Turmeric has been used in both Ayurvedic and Chinese medicine as an anti-inflammatory, to treat digestive and liver problems, skin diseases, and wounds.
Growing evidence suggests that turmeric may afford protection against neurodegenerative diseases. Epidemiological studies show that in elderly Indian populations, among whose diet turmeric is a common spice, levels of neurological diseases such as Alzheimer’s are very low. Alzheimer’s disease results when a protein fragment called amyloid-B accumulates in brain cells, producing oxidative stress and inflammation, and forming plaques between nerve cells (neurons) in the brain that disrupt brain function.Turmeric Boosts Amyloid Plaque Clearance in Human Alzheimer’s Patients.In healthy patients, immune cells called macrophages, which engulf and destroy abnormal cells and suspected pathogens, efficiently clear amyloid beta, but macrophage activity is suppressed in Alzheimer’s patients.
I realise that there are conflicting studies and many of the studies have been carried out in test tubes and animals but there a reasonable amount of evidence to suggest that this spice has amazing anti-inflammatory,anti-cancer (One of its anti-cancer benefits comes from its ability to induce apoptosis (natural cell death) in cancer cells),anti-thrombotic and prevents build of plaque aswell asother properties shown above. It is a natural painkiller in view of its anti-inflammatory properties it helps in diseases such as asthma, arthritis, colitis,stomach ulcers and can lower blood sugar. Many Asians particularly older generation Asians acknowledge it as the ‘spice of life’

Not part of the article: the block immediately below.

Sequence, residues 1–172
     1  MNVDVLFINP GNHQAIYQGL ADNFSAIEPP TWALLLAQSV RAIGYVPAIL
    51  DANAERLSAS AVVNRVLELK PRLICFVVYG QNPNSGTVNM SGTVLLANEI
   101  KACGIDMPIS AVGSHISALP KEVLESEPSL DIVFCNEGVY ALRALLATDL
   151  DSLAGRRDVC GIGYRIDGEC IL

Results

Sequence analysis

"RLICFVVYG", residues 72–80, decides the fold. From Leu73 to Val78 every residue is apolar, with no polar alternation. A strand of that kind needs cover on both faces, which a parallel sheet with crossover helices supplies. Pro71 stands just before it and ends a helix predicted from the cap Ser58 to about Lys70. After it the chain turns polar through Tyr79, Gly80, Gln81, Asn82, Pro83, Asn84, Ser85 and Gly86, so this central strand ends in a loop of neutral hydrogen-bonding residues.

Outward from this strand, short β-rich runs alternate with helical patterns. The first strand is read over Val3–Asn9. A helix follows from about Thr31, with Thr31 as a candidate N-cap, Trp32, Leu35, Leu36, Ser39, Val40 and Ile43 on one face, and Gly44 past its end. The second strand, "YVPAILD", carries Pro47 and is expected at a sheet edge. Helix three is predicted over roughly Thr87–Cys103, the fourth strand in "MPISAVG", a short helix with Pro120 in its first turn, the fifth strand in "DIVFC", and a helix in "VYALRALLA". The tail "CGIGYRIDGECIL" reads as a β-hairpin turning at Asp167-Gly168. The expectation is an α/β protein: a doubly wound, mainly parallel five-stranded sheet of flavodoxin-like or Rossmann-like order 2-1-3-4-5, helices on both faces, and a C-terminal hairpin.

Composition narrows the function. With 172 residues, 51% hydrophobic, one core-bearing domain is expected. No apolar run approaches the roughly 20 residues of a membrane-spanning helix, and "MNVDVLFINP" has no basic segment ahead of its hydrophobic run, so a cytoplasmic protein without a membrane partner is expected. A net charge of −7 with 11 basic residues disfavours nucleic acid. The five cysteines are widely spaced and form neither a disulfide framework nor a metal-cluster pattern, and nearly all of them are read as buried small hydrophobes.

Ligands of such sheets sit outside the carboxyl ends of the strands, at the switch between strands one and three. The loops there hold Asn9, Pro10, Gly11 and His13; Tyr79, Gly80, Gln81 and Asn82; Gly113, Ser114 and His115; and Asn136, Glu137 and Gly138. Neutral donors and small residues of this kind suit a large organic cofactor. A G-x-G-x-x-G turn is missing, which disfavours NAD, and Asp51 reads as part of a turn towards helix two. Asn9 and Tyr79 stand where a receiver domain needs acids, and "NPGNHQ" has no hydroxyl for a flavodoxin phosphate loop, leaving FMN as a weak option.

and it’s wide ranging health benefits and anti-ageing properties.
Now turmeric will become an important spice in my kitchen and there will be no mustard left on the side of my plate!